Photo: UB Law School

 

Hello, readers – I’m Teresa! It’s nice to meet you. I’m an advanced-year MSW student, a Graduate Assistant for the Global Interest Group in the University at Buffalo School of Social Work, and a volunteer with Justice for Migrant Families in Western New York. I’m part of a team of law and social work students who are spending this week at the South Texas Family Detention Center in Dilley, Texas, assisting asylum seekers.

I hope these daily accounts (there will be a week’s worth of posts) will give you a picture of what asylum seekers encounter at the southern border.

To prepare, the law students completed two weeks of intensive study in refugee and asylum law, three hours a day, four days a week. I attended half of these classes, and studied independently to gain more knowledge about social work, trauma and working with refugees.   I also adapted a presentation by Katie McClain-Meeder, MSW, and led a class on trauma and vicarious trauma in crisis work for the law students.

Picture of boy being carried by brother, as family walks ahead in rural area with mountains in distance

Slide from presentation to law students on trauma

 

 

On our way

Right now it is 6 PM on Sunday, January 20th, 2019, and I am on a plane with five JD students, one JD/MSW student and one PhD Candidate in the Romance Languages. We are headed to Dilley, Texas, as a volunteer team with UB Law Professor Nicole Hallett, who directs the U.S.-Mexico Border Clinic, attorney Carey who practices immigration law, and clinical social worker(MSW) Maria, from Rochester, New York.

In Dilley, we will be working with asylum seekers from various countries who have been detained at the U.S./Mexico border; our team will be working with women who have children at this particular facility. We will work in pairs, preparing as many women as possible for their initial interviews with US Customs and Border Patrol (CBP) officers. These interviews determine whether they pass the “credible fear” standard, which is the legal standard that says the asylum officer must find at least a 10% chance that their fear of harm —  the harm they fear they will face if they return to their home —  is “credible” or realistic.  If they pass the interview, they become eligible to plead their case in court at a later time and remain in the US to keep them safe from the credible fears they were facing in their prior home.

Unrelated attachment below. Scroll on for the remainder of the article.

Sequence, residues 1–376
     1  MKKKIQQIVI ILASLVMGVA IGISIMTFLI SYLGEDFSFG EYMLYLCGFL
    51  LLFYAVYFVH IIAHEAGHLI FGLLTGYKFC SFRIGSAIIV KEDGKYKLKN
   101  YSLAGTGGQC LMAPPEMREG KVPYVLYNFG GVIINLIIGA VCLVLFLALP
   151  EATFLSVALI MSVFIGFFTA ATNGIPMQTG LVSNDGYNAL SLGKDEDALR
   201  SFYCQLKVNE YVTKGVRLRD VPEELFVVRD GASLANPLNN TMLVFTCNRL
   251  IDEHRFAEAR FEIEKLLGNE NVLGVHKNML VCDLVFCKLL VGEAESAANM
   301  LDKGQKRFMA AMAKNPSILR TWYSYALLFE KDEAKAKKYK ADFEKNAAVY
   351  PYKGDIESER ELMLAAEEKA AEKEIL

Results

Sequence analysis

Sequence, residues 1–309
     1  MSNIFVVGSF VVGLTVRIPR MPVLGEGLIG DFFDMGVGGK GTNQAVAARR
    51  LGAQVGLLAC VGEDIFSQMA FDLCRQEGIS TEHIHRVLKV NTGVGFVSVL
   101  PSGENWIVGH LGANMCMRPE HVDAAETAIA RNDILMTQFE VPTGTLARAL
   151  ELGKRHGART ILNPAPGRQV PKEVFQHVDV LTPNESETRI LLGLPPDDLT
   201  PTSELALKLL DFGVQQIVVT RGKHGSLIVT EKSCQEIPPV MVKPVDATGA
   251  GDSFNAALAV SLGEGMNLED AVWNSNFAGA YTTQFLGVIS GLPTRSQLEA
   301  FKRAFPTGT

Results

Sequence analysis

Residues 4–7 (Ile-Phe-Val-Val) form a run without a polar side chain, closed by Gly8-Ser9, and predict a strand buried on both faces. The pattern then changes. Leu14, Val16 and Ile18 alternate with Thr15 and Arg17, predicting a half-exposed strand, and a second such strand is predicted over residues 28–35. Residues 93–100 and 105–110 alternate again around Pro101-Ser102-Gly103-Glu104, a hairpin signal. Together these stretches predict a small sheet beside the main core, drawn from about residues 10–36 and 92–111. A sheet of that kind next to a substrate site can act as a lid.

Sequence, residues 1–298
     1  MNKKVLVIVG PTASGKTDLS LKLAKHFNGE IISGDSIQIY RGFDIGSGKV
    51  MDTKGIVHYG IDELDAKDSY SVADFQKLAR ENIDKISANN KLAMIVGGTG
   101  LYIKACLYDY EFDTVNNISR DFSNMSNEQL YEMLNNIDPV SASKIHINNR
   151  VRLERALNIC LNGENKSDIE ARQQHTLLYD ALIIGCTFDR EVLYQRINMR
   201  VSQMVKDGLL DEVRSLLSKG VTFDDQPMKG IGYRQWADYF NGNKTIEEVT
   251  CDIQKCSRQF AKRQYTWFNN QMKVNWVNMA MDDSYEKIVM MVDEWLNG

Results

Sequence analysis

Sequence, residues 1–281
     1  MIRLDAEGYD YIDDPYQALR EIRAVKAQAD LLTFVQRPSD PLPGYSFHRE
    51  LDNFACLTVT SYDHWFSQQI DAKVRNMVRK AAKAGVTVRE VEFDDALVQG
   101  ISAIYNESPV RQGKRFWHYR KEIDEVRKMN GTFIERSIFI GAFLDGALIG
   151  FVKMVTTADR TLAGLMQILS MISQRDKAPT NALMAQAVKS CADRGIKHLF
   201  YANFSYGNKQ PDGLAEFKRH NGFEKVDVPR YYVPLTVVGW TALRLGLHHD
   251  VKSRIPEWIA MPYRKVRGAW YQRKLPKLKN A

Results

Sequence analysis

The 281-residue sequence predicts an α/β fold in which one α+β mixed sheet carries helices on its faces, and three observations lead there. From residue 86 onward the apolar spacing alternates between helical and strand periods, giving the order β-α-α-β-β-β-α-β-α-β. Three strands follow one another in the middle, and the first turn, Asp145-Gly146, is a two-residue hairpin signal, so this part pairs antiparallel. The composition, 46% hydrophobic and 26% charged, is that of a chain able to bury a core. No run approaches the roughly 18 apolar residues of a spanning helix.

two picnic benches in front of a long view of trailer-like tan buildings ngs

South Texas Family Residential Center, Dilley, Texas. Photo credit: US Immigration and Customs Enforcement

Read more

Sustainability and Social Work: Earth Day 2017

by Pat Shelly

Sustainability and Environmentalism

“Use it up, wear it out, make it do, or do without.” This is an old Yankee/New England proverb that resounds with our more environmentally-conscious society today.

Sustainability is  a word that appears more frequently in the press around Earth Day, which is observed on April 22 in the US. Many slogans address environmental issues. Some instruct: “Reduce, Reuse, Recyle,” or humorously inform: “Recyclers do it over and over again,” or recommend:

 

Smiling man in baseball cap with arms hugging a big tree. Only one arm is visible as tree's circumference is too large to encircle with his arms. is too big to get

Photo: Carolina Hoyos Lievano / World Bank

 

 

 

 

 

“Hug a tree, they have fewer issues than people.”

 

 

 

Read more

Cultural Humility: A Lesson Plan for Social Work

By Sarah Richards-Desai, MSW

 

The UB School of Social Work has developed a new resource to assist students, faculty, and practitioners in their understanding of cultural humility. Conversations about Culture: Video and Lesson Plan  introduces students, practitioners, and the public to the concept of cultural humility. This module includes a 12-minute video, containing interviews and content designed to raise questions and introduce the concept of cultural humility in social work. There are additional resources, a lesson plan, and some possible activities to try on your own or in a classroom setting.

Video for the UBSSW Cultural Humility module

Video for the UBSSW Cultural Humility module

Read more

« Older Entries Recent Entries »